One of the mysteries of the English language finally explained.
1A woody shrub with a bitter aromatic taste, used as an ingredient of vermouth and absinthe and in medicine.
- ‘And for that matter, surely someone ought also to have known that absinthe is made with wormwood, not digitalis.’
- ‘She knew dressmaking, and she had been taught to cook a little bit, and how to care for the sick and wounded; she knew something of the use of plants and herbs - sage and lavender, fennel and hore-hound and wormwood.’
- ‘A short while after, I passed out - the wormwood must have made me sick.’
- ‘Hemingway later blamed the damage on woodworm, a witty reference to absinthe's quasi - magical ingredient - wormwood.’
- ‘Examples of carbonizing herbs to stop bleeding are carbonized cattail pollen, carbonized human hair, carbonized agrimony and carbonized wormwood or mugwort.’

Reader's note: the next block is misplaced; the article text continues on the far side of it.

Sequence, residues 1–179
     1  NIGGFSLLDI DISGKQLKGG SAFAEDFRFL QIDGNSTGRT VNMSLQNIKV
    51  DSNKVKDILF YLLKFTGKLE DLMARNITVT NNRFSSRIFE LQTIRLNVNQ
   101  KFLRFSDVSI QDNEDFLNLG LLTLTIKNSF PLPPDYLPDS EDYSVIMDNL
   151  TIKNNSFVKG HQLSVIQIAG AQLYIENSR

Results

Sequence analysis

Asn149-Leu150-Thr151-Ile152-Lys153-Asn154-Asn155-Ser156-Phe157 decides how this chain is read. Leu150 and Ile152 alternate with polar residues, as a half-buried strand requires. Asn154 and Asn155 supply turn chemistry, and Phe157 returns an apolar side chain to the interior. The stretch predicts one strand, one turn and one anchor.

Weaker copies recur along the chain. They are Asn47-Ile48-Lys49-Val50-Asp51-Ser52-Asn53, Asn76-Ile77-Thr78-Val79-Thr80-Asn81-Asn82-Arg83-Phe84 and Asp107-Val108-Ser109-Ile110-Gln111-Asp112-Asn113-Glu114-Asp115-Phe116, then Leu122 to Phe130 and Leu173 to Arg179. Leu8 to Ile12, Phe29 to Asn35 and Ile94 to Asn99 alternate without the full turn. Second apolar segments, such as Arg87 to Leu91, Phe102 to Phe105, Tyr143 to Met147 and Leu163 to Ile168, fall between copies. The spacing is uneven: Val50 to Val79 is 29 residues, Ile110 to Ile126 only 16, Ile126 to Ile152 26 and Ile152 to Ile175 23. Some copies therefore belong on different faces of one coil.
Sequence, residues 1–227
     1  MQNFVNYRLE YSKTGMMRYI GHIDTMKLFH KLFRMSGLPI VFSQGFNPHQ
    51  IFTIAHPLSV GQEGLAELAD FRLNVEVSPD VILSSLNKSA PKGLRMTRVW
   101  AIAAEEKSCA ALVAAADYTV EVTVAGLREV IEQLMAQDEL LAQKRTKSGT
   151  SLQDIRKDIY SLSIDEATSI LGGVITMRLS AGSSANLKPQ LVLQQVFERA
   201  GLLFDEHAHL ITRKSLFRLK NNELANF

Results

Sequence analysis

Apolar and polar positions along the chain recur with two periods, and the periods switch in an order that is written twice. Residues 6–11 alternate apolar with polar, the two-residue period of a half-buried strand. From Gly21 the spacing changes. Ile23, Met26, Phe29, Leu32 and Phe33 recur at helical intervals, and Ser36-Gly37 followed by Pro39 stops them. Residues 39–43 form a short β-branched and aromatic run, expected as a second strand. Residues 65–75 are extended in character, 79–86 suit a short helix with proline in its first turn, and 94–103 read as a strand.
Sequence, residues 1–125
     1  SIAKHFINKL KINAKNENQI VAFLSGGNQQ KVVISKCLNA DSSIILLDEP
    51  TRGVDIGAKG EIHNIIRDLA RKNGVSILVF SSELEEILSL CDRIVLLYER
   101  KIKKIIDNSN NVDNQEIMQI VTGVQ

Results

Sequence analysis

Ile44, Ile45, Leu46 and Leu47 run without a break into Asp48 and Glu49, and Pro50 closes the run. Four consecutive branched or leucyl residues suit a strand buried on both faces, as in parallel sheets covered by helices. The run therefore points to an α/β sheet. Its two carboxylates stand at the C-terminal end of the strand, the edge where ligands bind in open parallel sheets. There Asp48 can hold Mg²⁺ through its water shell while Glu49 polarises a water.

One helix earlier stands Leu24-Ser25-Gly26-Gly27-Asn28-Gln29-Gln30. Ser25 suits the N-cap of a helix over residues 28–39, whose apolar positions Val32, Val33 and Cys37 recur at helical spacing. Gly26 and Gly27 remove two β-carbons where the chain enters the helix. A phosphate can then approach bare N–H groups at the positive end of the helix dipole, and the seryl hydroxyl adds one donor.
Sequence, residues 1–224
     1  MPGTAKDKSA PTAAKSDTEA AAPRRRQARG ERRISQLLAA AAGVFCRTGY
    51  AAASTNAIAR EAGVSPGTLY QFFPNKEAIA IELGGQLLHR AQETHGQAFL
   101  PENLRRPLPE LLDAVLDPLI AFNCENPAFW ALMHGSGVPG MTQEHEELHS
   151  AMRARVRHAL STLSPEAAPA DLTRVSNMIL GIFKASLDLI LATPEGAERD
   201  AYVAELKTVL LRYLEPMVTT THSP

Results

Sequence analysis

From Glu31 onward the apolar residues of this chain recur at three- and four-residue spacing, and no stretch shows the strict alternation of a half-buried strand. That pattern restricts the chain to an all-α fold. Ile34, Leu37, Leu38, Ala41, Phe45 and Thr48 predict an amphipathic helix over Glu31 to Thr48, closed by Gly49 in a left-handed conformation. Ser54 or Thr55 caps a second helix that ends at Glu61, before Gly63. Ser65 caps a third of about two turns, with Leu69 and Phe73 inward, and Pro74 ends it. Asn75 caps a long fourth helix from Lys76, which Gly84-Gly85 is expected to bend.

- ‘Yes, absinthe is made with wormwood, which contains a psychoactive chemical called thujon, which causes mild hallucinations.’
- ‘The more classic version is the almost dry, bitter drink with the strong aroma of wormwood and other bitter herbs.’
- ‘The drug is extracted from the leaf of the Chinese weed Artemisia annua or sweet wormwood.’
- ‘For such a man these herbs should be used: lupin, helenium (which we call elf-dock), marsh mallow, dock elder, wormwood and strawberry leaves.’
- ‘This is a powdered mixture of natural ingredients that contains garlic as well as alfalfa, wormwood, yellowdock and pennyroyal.’
- ‘Bitter herbs that would help would be gentian, artichoke, bitter orange, turmeric, wormwood and chamomile.’
2A state or source of bitterness or grief.
- ‘The survivors of the 1996 election were relegated to a kind of mute opposition, forced to sip wormwood from the cup of their own brewing.’
- ‘To be sure, the morbidity has become less lush; it's been distilled into essence of wormwood.’
Old English wermōd. The change in spelling in late Middle English was due to association with worm and wood. Compare with vermouth.
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